Antigua Guatemala

The present-day Antigua Guatemala, originally named as named Santiago de los Caballeros, was founded on March 10, 1543 on the Panchoy Valley. It served as the capital of the Kingdom of Guatemala, which included the current states of Guatemala, Belize, El Salvador, Honduras, Nicaragua and Costa Rica, besides modern state of Chiapas in Mexico, for more than 200 years.

Antigua was partially destroyed on several occasions by volcano eruptions and earthquakes. In 1773, the Santa Marta earthquake destroyed much of the town, which led to the capital removal in 1776 to a safer location, the Valley of the Shrine, where Guatemala City, the modern capital of Guatemala, now stands. This new city did not retain its old name and was christened Nueva Guatemala de la Asunción (New Guatemala of the Assumption), and its patron saint is Our Lady of the Assumption. The severely damaged city of Santiago de los Caballeros was ordered abandoned, although not everyone left, and was thereafter referred to as la Antigua Guatemala (the Old Guatemala).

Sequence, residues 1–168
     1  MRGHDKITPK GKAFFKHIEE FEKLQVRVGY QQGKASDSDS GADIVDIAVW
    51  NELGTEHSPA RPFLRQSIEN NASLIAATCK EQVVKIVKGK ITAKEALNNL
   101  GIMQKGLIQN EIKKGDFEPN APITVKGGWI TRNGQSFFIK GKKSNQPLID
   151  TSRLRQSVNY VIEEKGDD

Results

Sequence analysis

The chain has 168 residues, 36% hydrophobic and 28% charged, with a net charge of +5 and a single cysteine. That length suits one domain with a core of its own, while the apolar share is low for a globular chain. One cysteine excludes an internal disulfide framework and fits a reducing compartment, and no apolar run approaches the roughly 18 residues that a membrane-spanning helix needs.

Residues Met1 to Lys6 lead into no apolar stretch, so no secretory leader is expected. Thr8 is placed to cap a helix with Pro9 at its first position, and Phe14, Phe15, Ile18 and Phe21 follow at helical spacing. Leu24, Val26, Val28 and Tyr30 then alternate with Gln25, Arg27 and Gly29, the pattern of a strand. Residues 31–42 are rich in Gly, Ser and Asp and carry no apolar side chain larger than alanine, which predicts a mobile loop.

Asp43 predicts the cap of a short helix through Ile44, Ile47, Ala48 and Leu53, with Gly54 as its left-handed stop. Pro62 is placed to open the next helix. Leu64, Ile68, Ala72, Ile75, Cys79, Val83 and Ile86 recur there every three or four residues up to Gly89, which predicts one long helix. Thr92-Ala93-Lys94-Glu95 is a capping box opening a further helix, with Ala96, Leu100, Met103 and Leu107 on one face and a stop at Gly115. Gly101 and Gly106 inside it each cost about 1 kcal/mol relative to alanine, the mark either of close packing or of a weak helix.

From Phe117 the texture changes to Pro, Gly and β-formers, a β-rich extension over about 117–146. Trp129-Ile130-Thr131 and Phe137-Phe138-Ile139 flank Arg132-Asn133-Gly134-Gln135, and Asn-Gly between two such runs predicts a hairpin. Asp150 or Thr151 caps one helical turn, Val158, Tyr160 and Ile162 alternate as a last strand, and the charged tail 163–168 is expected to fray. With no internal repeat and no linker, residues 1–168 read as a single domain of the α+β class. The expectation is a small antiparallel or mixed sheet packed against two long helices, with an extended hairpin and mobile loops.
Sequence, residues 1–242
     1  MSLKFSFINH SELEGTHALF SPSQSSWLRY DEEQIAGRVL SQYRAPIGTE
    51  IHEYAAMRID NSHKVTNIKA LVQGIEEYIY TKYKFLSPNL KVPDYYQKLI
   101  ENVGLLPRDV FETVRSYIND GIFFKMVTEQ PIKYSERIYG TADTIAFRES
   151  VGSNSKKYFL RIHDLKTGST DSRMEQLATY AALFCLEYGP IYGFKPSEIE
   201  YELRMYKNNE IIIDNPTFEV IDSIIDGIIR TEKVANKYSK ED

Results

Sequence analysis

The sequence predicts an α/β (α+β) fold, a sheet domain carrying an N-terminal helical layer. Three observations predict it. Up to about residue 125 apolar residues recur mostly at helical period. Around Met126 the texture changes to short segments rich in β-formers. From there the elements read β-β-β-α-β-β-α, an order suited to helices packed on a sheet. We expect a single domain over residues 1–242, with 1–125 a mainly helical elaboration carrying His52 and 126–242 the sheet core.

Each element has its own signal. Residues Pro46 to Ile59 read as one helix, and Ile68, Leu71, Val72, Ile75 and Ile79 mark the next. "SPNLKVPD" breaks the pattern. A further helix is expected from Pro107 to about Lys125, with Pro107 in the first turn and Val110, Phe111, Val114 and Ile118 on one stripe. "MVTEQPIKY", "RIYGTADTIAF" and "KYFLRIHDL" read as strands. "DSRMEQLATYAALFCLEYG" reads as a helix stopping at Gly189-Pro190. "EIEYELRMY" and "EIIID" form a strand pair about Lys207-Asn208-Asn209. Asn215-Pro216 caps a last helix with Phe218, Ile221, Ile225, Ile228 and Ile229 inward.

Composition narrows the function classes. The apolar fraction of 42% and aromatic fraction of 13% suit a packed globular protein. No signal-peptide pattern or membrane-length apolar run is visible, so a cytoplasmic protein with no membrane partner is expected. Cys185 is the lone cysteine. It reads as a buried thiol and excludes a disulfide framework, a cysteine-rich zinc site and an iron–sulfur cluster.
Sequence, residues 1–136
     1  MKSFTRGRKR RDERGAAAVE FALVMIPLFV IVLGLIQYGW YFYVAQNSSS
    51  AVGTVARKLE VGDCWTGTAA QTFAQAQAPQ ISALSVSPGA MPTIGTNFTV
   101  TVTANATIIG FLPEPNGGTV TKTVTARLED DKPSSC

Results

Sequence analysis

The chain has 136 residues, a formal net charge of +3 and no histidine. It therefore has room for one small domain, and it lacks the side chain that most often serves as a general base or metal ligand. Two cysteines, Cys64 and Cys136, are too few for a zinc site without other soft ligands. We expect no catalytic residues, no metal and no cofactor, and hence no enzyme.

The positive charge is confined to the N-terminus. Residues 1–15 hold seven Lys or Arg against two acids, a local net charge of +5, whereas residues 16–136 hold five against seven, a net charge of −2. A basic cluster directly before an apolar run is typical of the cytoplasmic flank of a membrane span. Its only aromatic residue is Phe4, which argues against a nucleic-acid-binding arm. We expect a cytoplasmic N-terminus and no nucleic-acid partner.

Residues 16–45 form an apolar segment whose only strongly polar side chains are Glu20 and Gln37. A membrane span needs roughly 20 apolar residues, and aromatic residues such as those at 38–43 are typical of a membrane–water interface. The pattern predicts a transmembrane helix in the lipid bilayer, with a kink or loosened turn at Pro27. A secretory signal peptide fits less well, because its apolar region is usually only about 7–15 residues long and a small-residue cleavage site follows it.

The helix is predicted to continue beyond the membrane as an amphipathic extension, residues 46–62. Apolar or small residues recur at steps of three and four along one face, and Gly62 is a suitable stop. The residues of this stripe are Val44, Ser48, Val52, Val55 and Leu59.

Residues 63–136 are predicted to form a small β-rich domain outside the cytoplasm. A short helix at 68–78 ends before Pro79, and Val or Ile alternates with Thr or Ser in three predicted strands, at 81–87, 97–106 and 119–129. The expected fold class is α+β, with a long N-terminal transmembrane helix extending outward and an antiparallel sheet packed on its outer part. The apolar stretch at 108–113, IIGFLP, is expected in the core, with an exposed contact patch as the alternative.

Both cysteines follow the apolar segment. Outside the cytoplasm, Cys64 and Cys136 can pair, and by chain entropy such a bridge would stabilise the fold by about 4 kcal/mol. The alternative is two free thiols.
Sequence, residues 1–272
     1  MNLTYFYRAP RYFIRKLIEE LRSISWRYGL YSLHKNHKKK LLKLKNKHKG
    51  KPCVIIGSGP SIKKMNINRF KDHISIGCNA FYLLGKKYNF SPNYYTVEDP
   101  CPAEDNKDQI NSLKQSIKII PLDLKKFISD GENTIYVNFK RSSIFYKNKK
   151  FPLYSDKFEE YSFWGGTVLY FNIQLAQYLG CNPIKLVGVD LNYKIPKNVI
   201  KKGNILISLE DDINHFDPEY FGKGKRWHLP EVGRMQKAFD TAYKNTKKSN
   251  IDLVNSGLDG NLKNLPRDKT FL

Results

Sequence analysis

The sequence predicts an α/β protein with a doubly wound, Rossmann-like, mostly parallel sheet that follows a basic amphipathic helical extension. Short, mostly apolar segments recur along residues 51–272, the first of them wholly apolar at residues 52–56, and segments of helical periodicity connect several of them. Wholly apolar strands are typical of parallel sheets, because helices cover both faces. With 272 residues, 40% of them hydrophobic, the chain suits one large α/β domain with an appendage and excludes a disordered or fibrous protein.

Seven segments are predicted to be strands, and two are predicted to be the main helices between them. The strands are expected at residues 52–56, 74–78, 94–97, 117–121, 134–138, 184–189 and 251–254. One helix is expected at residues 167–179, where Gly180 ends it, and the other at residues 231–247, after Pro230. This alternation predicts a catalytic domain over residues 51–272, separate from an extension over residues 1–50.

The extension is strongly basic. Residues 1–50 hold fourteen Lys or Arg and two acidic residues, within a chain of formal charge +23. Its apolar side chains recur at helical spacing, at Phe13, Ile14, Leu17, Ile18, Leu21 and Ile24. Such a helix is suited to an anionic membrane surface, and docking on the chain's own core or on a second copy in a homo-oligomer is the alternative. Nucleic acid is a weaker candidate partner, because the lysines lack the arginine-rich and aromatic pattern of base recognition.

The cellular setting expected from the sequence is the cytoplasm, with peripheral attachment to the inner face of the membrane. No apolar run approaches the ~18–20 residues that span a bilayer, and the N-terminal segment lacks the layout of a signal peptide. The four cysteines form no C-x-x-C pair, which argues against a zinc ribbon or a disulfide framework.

Many examples of the Spanish Baroque-influenced architecture as well as a number of ruins of colonial churches and its rich history and important role in the region, brought its designation by UNESCO as a World Heritage site.

Due to its popularity among tourists and its very well-developed tourism infrastructure, Antigua Guatemala is often used as a central location from which to visit other tourist areas in Guatemala and Central America.

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